If accessing relevant evidence is the question, are medical journals still the answer?

Sophie Fessl

With social media platforms, search algorithms and online research tools designed to let people upload, share, find and comment on information in real time, Sophie Fessl asks: why are we still reliant on a 350-year-old model for disseminating medical research?

“It is astonishing with how little reading a doctor can practice medicine,
but is not astonishing how badly he may do it.”– William Osler

Getting new evidence from clinical trial to the practising doctor requires two pieces to click: researchers need to publish their findings, and the doctor has to read them. Since the 17th century, the journal has been the means for this communication. Some processes, such as peer review, evolved to be crucial parts of journal publishing. With the internet revolutionising how we communicate, these ‘print-native’ processes are set to be overhauled by their ‘web-native’ counterparts – or have been already. “[…] the Web has irrevocably changed our information environment – it is no longer the habitat the journal evolved in,” publishing futurist Jason Priem argues in his opinion piece published in Nature (2013, 495:437–40). Whether or not the journal as we know it now survives in the digital age, the way a clinician seeks information from the literature may change dramatically in the future.

A 350-year history

In 1665, Henry Oldenburg founded the first English-language scientific journal, Philosophical Transactions of the Royal Society of London, to improve the dissemination of scientific knowledge. Before then, scholars shared their findings by sending letters to their networks of contacts. With the invention of the printing press, print materials could be mass produced and scientific knowledge spread widely. The first journals presaged some of the print-native elements of scientific journals: Philosophical Transactions were judged by Royal Society members, setting the framework for peer review, while Thomas Basset, editor of the first English medical journal Medicina Curiosa, saw his editorial responsibilities as guiding his readers to new information.

Medical journals unarguably proved a success; more than 25,000 biomedical journals are currently published worldwide. And yet, all is not well in the world of medical publishing. Peer review may have evolved since the 17th century, as a way to control the scientific quality of published papers, but in recent years it has increasingly come under fire. Richard Smith, former editor of the British Medical Journal, who spent some time studying the peer review system, reached the conclusion that it is “slow, expensive, ineffective, something of a lottery, prone to bias and abuse, and hopeless at spotting errors and fraud.” The benefits of peer review, he argued, have been much harder to establish (J R Soc Med 2006, 99:115–119).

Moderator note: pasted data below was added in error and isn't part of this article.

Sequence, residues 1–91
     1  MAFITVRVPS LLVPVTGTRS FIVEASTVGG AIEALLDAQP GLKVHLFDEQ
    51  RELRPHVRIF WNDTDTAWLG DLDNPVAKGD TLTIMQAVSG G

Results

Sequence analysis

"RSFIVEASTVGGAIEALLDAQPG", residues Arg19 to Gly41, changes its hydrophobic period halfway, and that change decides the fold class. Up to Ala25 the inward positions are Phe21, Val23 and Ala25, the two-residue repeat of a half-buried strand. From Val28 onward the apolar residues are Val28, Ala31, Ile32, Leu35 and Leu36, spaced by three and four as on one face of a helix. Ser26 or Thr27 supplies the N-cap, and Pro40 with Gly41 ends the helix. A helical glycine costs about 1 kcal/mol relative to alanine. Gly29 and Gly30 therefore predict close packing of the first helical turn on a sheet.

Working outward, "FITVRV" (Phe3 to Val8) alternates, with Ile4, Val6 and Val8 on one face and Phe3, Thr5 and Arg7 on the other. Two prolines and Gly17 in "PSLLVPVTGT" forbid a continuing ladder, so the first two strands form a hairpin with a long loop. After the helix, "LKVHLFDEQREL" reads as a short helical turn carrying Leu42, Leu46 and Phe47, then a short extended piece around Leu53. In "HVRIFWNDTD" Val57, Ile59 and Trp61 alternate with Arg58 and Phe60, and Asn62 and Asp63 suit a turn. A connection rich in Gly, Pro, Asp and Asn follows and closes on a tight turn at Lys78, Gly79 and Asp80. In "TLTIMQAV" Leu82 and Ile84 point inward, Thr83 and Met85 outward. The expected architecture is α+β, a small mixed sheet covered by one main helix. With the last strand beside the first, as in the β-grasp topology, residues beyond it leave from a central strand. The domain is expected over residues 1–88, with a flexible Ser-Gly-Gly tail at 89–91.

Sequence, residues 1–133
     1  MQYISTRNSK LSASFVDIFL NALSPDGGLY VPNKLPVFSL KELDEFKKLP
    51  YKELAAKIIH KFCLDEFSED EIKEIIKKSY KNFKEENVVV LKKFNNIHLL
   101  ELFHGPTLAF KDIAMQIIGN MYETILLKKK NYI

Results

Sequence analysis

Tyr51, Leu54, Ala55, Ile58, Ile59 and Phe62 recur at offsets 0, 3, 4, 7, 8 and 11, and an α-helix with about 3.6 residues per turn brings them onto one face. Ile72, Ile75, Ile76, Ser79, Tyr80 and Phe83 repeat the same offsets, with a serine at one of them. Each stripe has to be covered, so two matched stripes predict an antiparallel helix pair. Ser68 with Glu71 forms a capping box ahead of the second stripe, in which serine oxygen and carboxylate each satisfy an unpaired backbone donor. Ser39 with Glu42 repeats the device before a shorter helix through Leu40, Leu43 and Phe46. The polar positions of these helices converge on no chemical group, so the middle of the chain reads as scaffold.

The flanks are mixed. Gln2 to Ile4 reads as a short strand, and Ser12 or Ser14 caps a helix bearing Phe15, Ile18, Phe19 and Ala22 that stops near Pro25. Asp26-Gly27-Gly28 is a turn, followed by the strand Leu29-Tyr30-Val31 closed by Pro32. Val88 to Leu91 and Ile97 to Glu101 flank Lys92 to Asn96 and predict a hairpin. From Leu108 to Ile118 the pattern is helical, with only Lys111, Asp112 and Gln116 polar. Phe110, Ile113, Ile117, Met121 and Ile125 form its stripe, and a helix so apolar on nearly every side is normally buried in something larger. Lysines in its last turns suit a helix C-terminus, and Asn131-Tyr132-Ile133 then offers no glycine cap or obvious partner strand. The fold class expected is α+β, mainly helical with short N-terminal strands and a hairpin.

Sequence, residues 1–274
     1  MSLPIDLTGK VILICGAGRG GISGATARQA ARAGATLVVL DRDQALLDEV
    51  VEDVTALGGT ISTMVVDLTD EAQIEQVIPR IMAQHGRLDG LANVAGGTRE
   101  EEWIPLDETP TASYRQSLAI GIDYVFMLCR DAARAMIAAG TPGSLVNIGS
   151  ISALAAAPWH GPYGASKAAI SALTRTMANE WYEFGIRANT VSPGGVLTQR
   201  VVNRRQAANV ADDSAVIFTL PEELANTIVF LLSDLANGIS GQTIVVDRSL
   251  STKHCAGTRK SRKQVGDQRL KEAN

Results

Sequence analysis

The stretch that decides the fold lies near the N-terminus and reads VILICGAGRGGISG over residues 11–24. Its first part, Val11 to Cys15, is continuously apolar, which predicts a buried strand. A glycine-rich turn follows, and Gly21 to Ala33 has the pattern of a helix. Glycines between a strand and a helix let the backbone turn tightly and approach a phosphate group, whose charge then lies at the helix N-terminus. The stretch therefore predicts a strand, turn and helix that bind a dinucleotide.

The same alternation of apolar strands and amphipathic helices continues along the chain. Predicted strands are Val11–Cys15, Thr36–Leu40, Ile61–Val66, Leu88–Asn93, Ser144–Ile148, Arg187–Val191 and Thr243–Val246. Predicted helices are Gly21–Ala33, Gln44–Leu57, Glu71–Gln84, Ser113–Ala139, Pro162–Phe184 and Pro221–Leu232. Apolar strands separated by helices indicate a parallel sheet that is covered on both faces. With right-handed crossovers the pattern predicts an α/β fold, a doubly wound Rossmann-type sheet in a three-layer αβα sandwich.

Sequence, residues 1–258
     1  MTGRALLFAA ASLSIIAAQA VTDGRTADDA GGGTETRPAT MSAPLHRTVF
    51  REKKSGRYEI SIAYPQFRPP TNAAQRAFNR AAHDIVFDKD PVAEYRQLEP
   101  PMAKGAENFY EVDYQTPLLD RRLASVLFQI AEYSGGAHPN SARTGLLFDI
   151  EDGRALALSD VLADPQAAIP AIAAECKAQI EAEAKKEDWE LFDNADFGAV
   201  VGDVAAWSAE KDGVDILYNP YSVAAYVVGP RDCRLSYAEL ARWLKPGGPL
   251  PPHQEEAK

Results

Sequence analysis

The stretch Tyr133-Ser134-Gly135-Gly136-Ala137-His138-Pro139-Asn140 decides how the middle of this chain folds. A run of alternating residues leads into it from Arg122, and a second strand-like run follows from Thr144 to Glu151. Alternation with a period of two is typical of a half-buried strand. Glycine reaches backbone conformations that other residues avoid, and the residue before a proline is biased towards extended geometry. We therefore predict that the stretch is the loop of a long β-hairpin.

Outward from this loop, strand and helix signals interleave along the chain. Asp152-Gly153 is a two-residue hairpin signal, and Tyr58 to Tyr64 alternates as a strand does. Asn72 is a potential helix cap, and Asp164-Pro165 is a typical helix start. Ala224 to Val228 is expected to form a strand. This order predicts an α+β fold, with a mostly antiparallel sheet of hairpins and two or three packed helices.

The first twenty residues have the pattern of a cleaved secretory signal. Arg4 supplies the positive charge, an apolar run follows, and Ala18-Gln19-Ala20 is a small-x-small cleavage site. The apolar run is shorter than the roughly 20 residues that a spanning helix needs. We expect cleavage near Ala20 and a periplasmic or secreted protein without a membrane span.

Similar criticism has been levelled against the “impact factor”, a statistic that represents the mean number of citations to articles published in a given journal in the preceding two years. This metric was intended to function as an indication of the importance of a journal in its field, though interestingly it has also been found to predict for rate of article retractions due to fraud (PNAS 2012, 109:17028–33). A related problem is the way it has been widely

(mis)used as an indicator of the quality of work of academics who publish in them, including by research funders and appointment committees, which provides people with an incentive to fabricate or twist results to get published in the ‘best’ journals.

A few years ago the Wellcome Trust– the world’s largest medical research charity – announced it would no longer take into account journal impact factors when assessing the quality of research done by a grant applicant. Speaking to Cancer World, Robert Kiley, Head of Digital Services at the Wellcome Trust, said: “We need to move away from using the impact factor as a proxy for research assessment. It is a flawed metric… It is the intrinsic merit of the work, and not the title of the journal or the publisher with which an author’s work is published, that should be considered in making funding decisions.”

Focusing on readers’ needs

The greatest challenge for medical journals is how to present new findings in a way that doctors can best integrate them into their everyday practice. Twenty-five thousand biomedical journals is an impressive number, but with most doctors spending, by different measures, between one and three hours a week on professional reading, filtering what is most relevant has become a daunting task.

Marije Hamaker, a geriatric oncologist at the Diakonessenhuis in Utrecht, the Netherlands, who has helped develop an educational webcast on her speciality (e-eso.net, 30 June 2016), says

“I still believe that publishing in a journal has value in itself, as a means of spreading a particular message. But with so many journals around, I wonder how well read these journals really are and therefore how much that message is actually being received.”

Questions are being asked about whether the business model of journal publishing serves the interests of publishers better than those of academia, based as it is on authors freely contributing reports of research – frequently funded by charities or the taxpayer – which publishers then distribute back to the academic community at considerable profit to themselves.

Philosophical Transactions, first published in 1665, established a format for disseminating scientific knowledge that continues to this day (left, the first issue, below, the 19 December 2016 issue)

While the internet and social media are unlikely to be a cure-all for the ills of academic publishing, they are already changing the shape of medical publishing: nearly 10% of journals are estimated to use social media, such as blogs, Twitter or Facebook pages, to allow commenting on articles. Lisa Hutchinson, Chief Editor of Nature Reviews Clinical Oncology, sees an opportunity in social media: “I think social media and the internet will greatly affect how doctors acquire information and gather evidence. To some extent, I don’t think this will negatively affect the ‘traditional’ formats in terms of how this guides daily practice. There are benefits and limitations to all aspects of medical publishing (whatever format), so this creates a more competitive environment, that will challenge business models currently and in the future.“